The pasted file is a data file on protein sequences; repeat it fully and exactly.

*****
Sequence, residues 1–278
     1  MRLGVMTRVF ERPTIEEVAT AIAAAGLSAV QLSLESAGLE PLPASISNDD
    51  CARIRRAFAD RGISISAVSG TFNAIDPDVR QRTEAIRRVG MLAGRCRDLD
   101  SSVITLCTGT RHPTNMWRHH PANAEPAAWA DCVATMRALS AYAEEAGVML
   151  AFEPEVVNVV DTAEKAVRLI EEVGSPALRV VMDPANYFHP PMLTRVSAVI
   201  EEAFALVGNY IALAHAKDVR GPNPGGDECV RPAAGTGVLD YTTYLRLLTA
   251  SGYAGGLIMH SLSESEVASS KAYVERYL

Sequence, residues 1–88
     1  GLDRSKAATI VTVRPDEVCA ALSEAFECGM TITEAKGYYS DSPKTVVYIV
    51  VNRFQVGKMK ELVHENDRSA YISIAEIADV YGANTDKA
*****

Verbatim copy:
Sequence, residues 1–278
     1  MRLGVMTRVF ERPTIEEVAT AIAAAGLSAV QLSLESAGLE PLPASISNDD
    51  CARIRRAFAD RGISISAVSG TFNAIDPDVR QRTEAIRRVG MLAGRCRDLD
   101  SSVITLCTGT RHPTNMWRHH PANAEPAAWA DCVATMRALS AYAEEAGVML
   151  AFEPEVVNVV DTAEKAVRLI EEVGSPALRV VMDPANYFHP PMLTRVSAVI
   201  EEAFALVGNY IALAHAKDVR GPNPGGDECV RPAAGTGVLD YTTYLRLLTA
   251  SGYAGGLIMH SLSESEVASS KAYVERYL

Sequence, residues 1–88
     1  GLDRSKAATI VTVRPDEVCA ALSEAFECGM TITEAKGYYS DSPKTVVYIV
    51  VNRFQVGKMK ELVHENDRSA YISIAEIADV YGANTDKA